Britain's Cameron could persuade sceptical voters to stay in EU - poll
LONDON (Reuters) - A majority of British voters would choose to stay in the European Union if Prime Minister David Cameron succeeds in renegotiating London's ties with the 28-nation bloc, a poll found on Tuesday.
Cameron promised in January to try to reach a new settlement with the EU before holding an in/out referendum by the end of 2017, provided he wins the 2015 election.
While surveys suggest Britons would vote to leave if they were given a say today, the YouGov survey for the Sun newspaper said the Conservative prime minister could persuade a majority to vote to remain in the bloc if he secures a new deal.
Fifty-two percent would vote to continue Britain's 40-year EU membership on new terms, 28 percent would opt to leave, 16 percent were undecided and four percent would not vote.
Asked how they would vote if a referendum were held now, before Cameron begins his renegotiation, there was an even split, with 39 percent wanting to stay and 39 percent in favour of leaving.
Cameron said last week that "consent for remaining inside the EU is wafer thin", and that his European reform plan had the overwhelming support of voters and business leaders.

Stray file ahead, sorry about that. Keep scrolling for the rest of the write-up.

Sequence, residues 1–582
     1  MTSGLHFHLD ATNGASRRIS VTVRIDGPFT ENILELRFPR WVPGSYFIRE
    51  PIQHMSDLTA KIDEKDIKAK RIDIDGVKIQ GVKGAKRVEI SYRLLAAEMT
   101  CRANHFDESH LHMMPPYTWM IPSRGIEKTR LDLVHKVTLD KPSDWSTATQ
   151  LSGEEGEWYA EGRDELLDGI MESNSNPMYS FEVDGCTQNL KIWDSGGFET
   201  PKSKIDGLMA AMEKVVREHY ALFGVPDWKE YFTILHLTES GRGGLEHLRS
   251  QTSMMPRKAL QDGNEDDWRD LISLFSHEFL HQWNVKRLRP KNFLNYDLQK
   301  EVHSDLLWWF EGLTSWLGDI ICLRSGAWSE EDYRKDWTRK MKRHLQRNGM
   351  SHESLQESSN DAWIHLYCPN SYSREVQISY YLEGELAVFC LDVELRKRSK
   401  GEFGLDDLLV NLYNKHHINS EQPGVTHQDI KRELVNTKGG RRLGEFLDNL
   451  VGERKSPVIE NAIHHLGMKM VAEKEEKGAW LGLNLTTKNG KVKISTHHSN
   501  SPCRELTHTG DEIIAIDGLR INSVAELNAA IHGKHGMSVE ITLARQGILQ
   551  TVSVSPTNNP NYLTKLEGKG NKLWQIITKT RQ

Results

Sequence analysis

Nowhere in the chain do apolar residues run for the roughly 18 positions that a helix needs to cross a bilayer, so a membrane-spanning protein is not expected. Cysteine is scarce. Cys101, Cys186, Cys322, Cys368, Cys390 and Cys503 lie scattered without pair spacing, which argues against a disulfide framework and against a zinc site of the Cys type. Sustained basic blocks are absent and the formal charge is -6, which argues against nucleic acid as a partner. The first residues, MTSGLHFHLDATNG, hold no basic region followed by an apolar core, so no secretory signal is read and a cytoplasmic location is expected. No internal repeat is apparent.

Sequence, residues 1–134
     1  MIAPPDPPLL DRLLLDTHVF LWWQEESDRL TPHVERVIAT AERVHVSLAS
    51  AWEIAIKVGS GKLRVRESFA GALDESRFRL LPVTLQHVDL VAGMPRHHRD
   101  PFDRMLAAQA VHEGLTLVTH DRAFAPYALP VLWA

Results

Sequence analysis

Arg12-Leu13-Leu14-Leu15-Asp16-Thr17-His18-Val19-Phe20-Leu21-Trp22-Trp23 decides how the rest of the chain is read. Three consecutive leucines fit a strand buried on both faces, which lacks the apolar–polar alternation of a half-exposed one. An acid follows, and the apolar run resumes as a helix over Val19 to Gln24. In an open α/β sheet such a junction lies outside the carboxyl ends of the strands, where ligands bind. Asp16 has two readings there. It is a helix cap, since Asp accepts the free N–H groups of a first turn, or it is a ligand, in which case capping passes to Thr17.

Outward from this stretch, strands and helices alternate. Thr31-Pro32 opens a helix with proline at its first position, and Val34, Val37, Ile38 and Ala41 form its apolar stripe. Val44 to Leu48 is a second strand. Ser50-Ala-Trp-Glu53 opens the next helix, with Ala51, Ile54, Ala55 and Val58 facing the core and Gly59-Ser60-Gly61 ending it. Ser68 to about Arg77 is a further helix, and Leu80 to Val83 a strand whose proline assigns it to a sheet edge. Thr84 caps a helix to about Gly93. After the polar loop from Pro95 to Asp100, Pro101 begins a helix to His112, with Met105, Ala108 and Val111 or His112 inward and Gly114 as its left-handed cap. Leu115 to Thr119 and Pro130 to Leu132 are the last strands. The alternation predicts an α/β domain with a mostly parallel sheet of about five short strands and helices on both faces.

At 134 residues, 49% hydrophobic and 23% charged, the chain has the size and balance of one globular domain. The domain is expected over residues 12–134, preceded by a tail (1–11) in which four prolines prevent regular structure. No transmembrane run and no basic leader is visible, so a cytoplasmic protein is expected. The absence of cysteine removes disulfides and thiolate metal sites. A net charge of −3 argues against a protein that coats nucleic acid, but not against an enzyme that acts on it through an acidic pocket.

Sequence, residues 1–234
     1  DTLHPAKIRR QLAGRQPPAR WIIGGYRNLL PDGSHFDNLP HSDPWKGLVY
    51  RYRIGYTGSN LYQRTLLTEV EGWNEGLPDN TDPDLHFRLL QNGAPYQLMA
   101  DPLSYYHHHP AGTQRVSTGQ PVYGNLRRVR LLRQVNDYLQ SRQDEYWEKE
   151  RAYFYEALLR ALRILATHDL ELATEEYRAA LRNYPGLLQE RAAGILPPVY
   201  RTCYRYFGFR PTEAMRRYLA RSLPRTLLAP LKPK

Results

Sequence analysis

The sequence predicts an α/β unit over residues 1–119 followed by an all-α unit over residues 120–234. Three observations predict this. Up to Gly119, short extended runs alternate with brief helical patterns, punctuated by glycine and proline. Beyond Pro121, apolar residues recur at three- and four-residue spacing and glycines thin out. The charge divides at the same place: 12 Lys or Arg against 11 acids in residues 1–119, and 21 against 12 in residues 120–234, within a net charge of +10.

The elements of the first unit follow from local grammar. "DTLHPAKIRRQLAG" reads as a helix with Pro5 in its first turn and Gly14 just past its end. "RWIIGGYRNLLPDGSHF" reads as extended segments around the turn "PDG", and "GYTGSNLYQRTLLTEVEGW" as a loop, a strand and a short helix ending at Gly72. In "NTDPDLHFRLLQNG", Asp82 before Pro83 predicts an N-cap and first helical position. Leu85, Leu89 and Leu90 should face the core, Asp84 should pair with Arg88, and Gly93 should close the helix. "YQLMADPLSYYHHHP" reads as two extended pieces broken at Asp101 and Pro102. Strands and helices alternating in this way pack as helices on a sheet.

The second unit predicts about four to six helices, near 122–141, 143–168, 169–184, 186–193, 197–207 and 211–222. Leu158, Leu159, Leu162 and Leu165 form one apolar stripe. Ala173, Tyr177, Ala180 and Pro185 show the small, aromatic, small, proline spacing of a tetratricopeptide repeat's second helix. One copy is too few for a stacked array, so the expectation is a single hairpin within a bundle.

His government is reviewing the balance of powers held between London and the EU. Cameron has spoken of cutting EU regulation and repatriating powers in areas such as employment law, law-and-order and social policy.
The Labour opposition, which has a seven-point lead over Cameron's Conservatives, has accused him of being forced to offer a referendum to placate rebellious anti-EU Conservatives and to stem a loss of support to the UK Independence Party (UKIP), which wants Britain to leave the EU.
Anti-EU campaigners see the bloc as an expensive, wasteful and over-powerful threat to British sovereignty.
Their opponents say it would be economic suicide for Britain to leave a single market of 500 million people and that Britain should try to reform the EU from within.
YouGov questioned 1,752 adults on November 10-11.
(Reporting by Peter Griffiths; Editing by Mark Heinrich)
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